By Michael Johns
USCB Chamber Music presents the second concert of its season at 5 p.m. on Sunday, Dec. 9, with one early, one middle, and one late work of Beethoven, Elgar, and Schubert.
The program begins with 14 Variations for Piano Trio, Opus 44, written by the 22-year-old Beethoven. At the end of the 18th century, an accepted interest-creating strategy for aspiring composers was to incorporate into their compositions music that was already known to the public. This was not considered theft; it was viewed as a compliment.
Beethoven took a bare-bones, almost minimalist, aria theme from a popular, contemporary opera and showed that he could turn anything, no matter how insignificant, into a display vehicle of substance, pleasing to both connoisseur and amateur. It also allowed him to show off his virtuoso piano skills as he began his career in the big city of Vienna.
Next is an interesting work by a composer not known for his chamber music, Violin Sonata, Opus 82, by Edward Elgar. He began composing during August 1918, and the sonata was completed during the waning days of World War I. Although written at an idyllic, restorative, country setting, the horror of the war was a backdrop that could not be ignored, and the sonata’s mood is generally reserved.
Elgar described the first movement as “bold and vigorous,” the second “fantastic” and “curious,” the third “broad and soothing,” later writing that, “It is full of golden sounds and I like it.” Inspired by the nature surrounding him, the second-movement violin melody prompted Elgar to relate that “… they say it is as good or better than anything I have done in the expressive way.” Violin Sonata, Opus 82 has been recorded more than 20 times but remains an infrequent guest on chamber music programs, so this presentation may be one of your only chances to experience a live performance.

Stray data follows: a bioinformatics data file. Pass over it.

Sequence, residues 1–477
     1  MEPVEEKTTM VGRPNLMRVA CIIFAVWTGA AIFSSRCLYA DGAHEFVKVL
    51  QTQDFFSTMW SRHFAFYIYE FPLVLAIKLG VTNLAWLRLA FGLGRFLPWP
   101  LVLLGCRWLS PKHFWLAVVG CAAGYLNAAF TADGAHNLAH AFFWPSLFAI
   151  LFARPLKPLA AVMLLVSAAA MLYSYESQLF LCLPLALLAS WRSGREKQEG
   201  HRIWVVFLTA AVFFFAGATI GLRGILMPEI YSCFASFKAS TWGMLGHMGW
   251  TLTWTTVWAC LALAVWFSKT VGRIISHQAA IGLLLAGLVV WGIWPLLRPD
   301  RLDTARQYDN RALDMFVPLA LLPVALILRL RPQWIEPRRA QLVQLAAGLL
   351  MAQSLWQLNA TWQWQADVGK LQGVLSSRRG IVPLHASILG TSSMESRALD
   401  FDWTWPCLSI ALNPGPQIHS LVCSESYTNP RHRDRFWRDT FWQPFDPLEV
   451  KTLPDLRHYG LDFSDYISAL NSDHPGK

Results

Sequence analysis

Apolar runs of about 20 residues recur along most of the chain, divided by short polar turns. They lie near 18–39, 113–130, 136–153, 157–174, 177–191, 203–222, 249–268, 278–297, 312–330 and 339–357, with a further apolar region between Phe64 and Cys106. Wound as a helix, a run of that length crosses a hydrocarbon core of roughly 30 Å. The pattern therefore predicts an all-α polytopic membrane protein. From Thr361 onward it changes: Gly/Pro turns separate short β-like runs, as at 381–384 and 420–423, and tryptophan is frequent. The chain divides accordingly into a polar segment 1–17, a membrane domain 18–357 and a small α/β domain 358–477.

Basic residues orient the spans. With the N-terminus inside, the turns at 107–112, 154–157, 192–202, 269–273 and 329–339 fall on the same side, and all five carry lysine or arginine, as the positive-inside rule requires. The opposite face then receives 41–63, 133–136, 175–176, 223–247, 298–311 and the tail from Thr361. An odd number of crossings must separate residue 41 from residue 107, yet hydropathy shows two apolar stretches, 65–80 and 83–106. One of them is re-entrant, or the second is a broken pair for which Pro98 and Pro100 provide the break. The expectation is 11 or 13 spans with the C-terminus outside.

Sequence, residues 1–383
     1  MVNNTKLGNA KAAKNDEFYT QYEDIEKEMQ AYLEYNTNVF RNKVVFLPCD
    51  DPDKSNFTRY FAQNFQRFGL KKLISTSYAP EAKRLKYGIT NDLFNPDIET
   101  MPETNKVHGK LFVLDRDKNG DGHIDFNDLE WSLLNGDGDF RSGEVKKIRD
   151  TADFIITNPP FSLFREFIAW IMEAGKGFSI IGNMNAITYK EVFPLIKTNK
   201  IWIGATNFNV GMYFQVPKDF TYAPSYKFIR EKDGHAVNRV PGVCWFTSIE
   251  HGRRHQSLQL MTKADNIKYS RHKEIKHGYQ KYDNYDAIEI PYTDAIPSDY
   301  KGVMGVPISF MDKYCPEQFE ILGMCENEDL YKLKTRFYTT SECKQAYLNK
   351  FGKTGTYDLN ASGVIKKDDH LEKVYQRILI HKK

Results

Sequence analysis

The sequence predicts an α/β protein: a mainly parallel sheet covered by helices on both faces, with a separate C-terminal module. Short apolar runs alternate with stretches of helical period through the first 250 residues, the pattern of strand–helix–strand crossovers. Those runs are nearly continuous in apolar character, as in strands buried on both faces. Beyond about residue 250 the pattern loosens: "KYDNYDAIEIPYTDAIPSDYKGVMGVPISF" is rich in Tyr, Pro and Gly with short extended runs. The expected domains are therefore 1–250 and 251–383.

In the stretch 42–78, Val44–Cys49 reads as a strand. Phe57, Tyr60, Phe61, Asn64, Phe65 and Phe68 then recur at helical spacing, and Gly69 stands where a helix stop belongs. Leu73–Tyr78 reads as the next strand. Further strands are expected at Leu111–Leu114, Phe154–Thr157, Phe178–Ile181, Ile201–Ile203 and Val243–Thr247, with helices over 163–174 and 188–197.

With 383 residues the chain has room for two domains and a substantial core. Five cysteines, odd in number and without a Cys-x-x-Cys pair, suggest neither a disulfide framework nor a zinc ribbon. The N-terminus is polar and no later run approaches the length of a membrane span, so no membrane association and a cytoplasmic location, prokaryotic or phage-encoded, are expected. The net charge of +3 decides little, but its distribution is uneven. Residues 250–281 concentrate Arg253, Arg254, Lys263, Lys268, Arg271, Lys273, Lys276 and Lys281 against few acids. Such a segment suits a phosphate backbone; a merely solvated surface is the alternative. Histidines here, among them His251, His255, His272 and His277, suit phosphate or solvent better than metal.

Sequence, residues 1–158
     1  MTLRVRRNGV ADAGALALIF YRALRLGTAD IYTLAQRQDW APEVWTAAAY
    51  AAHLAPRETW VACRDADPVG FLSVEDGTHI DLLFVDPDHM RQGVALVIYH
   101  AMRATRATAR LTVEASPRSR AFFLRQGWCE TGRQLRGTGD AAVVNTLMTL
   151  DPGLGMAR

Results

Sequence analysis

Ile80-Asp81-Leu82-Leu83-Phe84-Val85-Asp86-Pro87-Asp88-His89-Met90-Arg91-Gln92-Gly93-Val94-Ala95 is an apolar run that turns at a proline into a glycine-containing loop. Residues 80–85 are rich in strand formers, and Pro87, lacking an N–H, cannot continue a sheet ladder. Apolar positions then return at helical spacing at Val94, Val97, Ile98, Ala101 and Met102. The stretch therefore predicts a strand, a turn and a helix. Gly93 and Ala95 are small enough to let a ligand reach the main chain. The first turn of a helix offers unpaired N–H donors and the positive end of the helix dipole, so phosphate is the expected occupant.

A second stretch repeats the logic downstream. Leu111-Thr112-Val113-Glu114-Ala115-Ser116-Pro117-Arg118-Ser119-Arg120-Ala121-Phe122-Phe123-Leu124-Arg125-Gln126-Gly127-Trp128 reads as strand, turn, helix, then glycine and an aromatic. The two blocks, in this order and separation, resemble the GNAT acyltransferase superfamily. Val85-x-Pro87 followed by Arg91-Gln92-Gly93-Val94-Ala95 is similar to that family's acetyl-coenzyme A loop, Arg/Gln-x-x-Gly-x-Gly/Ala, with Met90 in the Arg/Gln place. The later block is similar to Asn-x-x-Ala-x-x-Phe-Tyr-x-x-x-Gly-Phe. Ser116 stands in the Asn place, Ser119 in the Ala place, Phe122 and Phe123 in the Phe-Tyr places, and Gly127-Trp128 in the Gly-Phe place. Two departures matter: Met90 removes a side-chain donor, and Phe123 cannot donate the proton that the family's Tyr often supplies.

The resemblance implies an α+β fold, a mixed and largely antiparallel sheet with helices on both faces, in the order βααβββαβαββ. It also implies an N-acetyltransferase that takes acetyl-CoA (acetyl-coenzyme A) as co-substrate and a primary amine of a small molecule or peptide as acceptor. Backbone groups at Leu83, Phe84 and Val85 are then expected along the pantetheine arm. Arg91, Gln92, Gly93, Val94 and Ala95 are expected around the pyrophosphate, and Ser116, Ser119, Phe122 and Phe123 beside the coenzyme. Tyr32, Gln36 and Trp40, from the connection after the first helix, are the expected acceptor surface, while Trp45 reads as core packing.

The concert is perfectly balanced — the first half features two less familiar works, the second concludes with Franz Schubert’s great Piano Trio in E-Flat, D. 929. This magnificent work, a staple of the piano trio repertoire, has long been an audience favorite. It is continuously tuneful and encompasses an emotional range from lilting, to emotive, dramatic, passionate, gentle, and poignant. The main theme of the second movement alone has the power to evoke strong emotions.
These measures create an affecting atmosphere of introspection and melancholy and have been heard in multiple movie soundtracks, including Stanley Kubrick’s 1975 film “Barry Landon,” as well as “The Piano Teacher,” “Land of the Blind,” “Miss Julie,” and the HBO miniseries “John Adams.” Robert Schumann summed up its impact: “…a Trio by Schubert passed across the musical world like some angry comet in the sky.”
Three artists well-known to this series will collaborate and bring the music to life. Pianist Andrew Armstrong has been praised by critics for his passionate expression and dazzling technique in concerts across Asia, Europe, Latin America, Canada, and the United States. He has performed an enormous repertoire, including more than 50 concertos with orchestra, solo recitals, and chamber music of all types.
Violinist Amy Schwartz Moretti is almost a neighbor, serving as the director of the McDuffie Center for Strings at Mercer University in Macon, Georgia. Her musical career has demonstrated broad versatility, including multiple concertmaster positions, solo recitals, and chamber music performances across the country.
Cellist Edward Arron, the series’ majordomo, needs no introduction. Serving as artistic director for the last 10 seasons, superlatives have been exhausted in trying to articulate his superb musicianship, personal warmth, extensive knowledge of repertoire, and savvy about how to present a concert.
Support the Arts — come and experience the intimate conversation of chamber music. Concert information and tickets, as well as information about the newly-launched endowment, are available at uscb.edu/chambermusic or at 843-208-8246, Monday through Friday. The USCB Center for the Arts, located at 805 Carteret Street, opens at 4 p.m. on the day of the concert, Sunday, Dec. 9.